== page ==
Pianist/composer Peter Hum may be better known as a jazz and food critic for the Ottawa Citizen, but there’s nothing to suggest anything but full commitment to his art on Alpha Moment (peterhum.com). Hum leads a sextet here, and his group concept is almost orchestral. His compositions are well formed and subtly voiced, with solos arrayed against his own lush chords, Alec Walkington’s resonant bass and drummer Ted Warren’s constant sonic shadings. While the band’s members are currently spread out geographically, the group clearly came together at a special moment for the Ottawa jazz scene, much of the excitement coming from two Ottawa-raised saxophonists who have since moved on: Kenji Omae, now resident in Seoul, may be the most exciting tenor saxophonist to emerge in Canada in recent years, a powerful, impulsive player who’s also capable of lustrous ballad playing; Nathan Cepelinski, now a New Yorker, plays alto and soprano with quicksilver thought and phrasing. Along with glassy-toned Montreal guitarist Mike Rud, the six make up a terrific band, something that’s apparent everywhere here, but most pointedly on the aptly named title tune.
Bassist Daniel Fortin makes his debut as a bandleader on Brinks (Fresh Sound New Talent FSNT 473, freshsoundrecords.com). While his compositional skills have figured in releases by the band Myriad3, they play a more prominent role here, defining a strong, personal style. Fortin’s pieces consist of just a few notes, a phrase or two to be recast, concentrated and contrasted. He creates edgy, tensile structures that have some of the character of Thelonious Monk’s works without any particular resemblance. It’s music that requires tremendous discipline on the part of the band to come up with sufficiently minimalist improvisatory approaches that are true to the spirit of the works, but that’s just what tenor saxophonist David French, vibraphonist Michael Davidson and drummer Fabio Ragnelli have done. Operating within a set of timbres that might suggest comfortable ballads, the group turns out complex music filled with intriguing juxtapositions and fresh patterns. Fortin himself plays bass with a keen sense of structure and a special melodic focus.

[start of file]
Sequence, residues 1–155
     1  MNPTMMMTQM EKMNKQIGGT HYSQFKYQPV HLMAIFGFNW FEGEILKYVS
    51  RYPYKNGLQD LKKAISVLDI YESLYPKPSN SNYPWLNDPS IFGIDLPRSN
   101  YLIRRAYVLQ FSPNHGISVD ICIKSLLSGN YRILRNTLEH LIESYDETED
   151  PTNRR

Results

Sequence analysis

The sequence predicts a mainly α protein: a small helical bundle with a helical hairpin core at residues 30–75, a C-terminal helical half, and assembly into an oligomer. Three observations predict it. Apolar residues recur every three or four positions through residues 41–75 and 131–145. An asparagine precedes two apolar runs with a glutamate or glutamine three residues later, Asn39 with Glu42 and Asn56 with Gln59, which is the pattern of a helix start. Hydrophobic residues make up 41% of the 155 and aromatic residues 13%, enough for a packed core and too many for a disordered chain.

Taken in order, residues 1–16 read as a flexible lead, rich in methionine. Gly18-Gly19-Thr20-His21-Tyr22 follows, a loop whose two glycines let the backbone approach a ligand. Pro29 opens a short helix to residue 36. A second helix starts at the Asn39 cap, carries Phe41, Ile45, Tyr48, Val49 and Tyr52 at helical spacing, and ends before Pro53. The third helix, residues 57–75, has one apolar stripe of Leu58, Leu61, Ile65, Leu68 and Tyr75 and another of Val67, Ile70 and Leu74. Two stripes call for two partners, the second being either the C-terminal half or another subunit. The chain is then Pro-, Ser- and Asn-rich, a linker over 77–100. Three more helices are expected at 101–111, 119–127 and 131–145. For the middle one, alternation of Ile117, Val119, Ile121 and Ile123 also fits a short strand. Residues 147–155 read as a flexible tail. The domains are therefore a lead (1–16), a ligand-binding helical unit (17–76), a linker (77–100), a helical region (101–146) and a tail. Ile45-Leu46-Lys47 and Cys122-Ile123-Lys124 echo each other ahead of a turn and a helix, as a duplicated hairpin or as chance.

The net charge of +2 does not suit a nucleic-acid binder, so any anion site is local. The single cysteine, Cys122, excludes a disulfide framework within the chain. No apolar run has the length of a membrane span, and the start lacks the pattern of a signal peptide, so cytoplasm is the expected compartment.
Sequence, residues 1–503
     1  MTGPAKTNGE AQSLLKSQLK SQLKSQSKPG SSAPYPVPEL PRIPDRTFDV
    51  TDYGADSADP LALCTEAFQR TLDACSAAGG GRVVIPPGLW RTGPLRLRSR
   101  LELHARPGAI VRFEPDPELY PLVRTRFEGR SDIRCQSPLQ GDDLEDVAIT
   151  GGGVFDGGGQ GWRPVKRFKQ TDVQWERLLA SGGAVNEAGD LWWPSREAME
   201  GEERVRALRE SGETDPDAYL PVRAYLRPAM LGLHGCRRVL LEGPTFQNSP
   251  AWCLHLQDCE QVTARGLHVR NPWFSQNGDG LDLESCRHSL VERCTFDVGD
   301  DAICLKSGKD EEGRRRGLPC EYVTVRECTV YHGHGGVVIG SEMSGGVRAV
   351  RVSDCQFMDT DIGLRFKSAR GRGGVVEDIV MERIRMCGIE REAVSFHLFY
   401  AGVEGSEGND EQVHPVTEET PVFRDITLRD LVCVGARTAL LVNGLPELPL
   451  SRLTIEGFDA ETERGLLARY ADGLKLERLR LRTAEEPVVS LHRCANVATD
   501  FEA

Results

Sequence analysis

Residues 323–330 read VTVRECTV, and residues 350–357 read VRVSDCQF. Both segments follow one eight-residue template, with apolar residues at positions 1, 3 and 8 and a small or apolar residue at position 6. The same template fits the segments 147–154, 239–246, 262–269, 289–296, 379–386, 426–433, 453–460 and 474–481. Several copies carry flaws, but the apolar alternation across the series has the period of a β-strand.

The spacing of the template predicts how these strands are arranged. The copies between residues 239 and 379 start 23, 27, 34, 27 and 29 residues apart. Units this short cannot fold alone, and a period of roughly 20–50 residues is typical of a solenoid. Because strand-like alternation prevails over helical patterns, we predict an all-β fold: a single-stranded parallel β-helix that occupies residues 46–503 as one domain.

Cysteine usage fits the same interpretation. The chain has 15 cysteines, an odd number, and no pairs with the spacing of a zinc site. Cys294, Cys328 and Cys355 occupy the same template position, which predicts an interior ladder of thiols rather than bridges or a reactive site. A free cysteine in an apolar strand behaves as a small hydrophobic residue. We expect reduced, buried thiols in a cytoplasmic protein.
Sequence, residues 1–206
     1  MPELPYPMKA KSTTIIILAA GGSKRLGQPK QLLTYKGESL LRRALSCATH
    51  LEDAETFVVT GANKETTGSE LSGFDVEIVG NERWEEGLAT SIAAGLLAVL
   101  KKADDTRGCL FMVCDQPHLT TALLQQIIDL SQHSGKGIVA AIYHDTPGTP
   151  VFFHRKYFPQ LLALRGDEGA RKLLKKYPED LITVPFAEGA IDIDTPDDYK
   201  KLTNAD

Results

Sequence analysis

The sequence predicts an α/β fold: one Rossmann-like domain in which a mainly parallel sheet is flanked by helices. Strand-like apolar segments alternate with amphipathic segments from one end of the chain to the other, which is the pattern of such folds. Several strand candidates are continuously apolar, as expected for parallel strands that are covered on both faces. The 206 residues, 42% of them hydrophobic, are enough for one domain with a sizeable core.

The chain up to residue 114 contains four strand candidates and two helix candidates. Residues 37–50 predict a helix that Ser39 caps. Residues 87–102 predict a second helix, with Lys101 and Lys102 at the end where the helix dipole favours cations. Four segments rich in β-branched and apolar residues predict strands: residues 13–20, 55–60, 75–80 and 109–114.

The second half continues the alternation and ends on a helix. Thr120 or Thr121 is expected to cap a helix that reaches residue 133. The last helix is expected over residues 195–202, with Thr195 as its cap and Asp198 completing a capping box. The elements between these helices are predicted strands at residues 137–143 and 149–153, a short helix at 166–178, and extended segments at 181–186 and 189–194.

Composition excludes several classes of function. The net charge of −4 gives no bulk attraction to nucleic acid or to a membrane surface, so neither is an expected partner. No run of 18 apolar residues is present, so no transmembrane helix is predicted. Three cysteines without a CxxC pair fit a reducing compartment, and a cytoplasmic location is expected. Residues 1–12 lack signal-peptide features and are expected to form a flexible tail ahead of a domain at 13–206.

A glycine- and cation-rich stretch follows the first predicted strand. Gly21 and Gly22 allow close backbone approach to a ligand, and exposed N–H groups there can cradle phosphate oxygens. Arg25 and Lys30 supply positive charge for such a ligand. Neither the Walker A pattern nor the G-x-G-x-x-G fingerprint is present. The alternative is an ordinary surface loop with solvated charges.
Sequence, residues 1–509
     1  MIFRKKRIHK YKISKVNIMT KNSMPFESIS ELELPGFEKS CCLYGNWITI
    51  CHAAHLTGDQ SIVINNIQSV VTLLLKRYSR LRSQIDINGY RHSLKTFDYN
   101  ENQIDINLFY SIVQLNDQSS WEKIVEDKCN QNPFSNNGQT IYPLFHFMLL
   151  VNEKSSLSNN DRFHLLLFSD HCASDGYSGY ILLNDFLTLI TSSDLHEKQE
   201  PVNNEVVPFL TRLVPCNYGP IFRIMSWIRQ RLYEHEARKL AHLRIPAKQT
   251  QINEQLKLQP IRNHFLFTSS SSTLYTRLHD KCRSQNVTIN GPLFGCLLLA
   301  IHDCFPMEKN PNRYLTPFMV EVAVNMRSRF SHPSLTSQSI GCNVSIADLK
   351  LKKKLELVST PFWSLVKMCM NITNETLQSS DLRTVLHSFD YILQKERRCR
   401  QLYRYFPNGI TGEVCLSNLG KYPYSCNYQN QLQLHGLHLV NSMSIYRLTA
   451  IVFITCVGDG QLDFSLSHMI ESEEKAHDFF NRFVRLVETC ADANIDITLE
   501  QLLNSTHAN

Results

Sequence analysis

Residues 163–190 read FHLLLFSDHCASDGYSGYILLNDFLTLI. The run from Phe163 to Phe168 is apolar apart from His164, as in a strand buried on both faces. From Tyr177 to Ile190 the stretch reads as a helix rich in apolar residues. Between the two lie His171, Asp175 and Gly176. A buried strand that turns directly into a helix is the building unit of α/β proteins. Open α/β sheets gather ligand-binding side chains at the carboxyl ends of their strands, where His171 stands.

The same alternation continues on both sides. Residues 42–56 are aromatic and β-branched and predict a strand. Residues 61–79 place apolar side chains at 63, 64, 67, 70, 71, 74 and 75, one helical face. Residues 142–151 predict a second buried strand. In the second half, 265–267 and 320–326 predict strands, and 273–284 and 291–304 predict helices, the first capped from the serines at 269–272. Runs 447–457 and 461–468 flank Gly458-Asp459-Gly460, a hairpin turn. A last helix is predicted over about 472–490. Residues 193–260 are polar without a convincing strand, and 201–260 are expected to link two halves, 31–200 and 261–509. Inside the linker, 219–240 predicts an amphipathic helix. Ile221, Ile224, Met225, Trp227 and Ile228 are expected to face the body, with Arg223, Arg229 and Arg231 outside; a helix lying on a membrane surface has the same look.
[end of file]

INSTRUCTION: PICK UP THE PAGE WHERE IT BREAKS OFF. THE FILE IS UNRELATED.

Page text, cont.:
Tenor saxophonist Steve Kaldestad criss-crossed Canada and spent an eight-year sojourn in England before settling in Vancouver in 2008. Since then he has established himself there as a solid exponent of the mainstream modern. New York Afternoon (Cellar Live CL032014, cellarlive.com) presents him in performance with pianist Renee Rosnes (one of Vancouver’s great contributions to New York jazz) and her regular rhythm section of bassist Peter Washington and drummer Lewis Nash. Kaldestad swings fluidly through a program that ranges through hard bop blues and swaying Brazilian melodies to the more exotic modal underpinnings of Joe Henderson’s Punjab, with Rosnes’ scintillating solo recalling her extensive work with the late saxophonist’s band. Her own Icelight explores similar strata, while the ballad highlight comes on Kaldestad’s soulful and silk-toned rendering of Beatriz.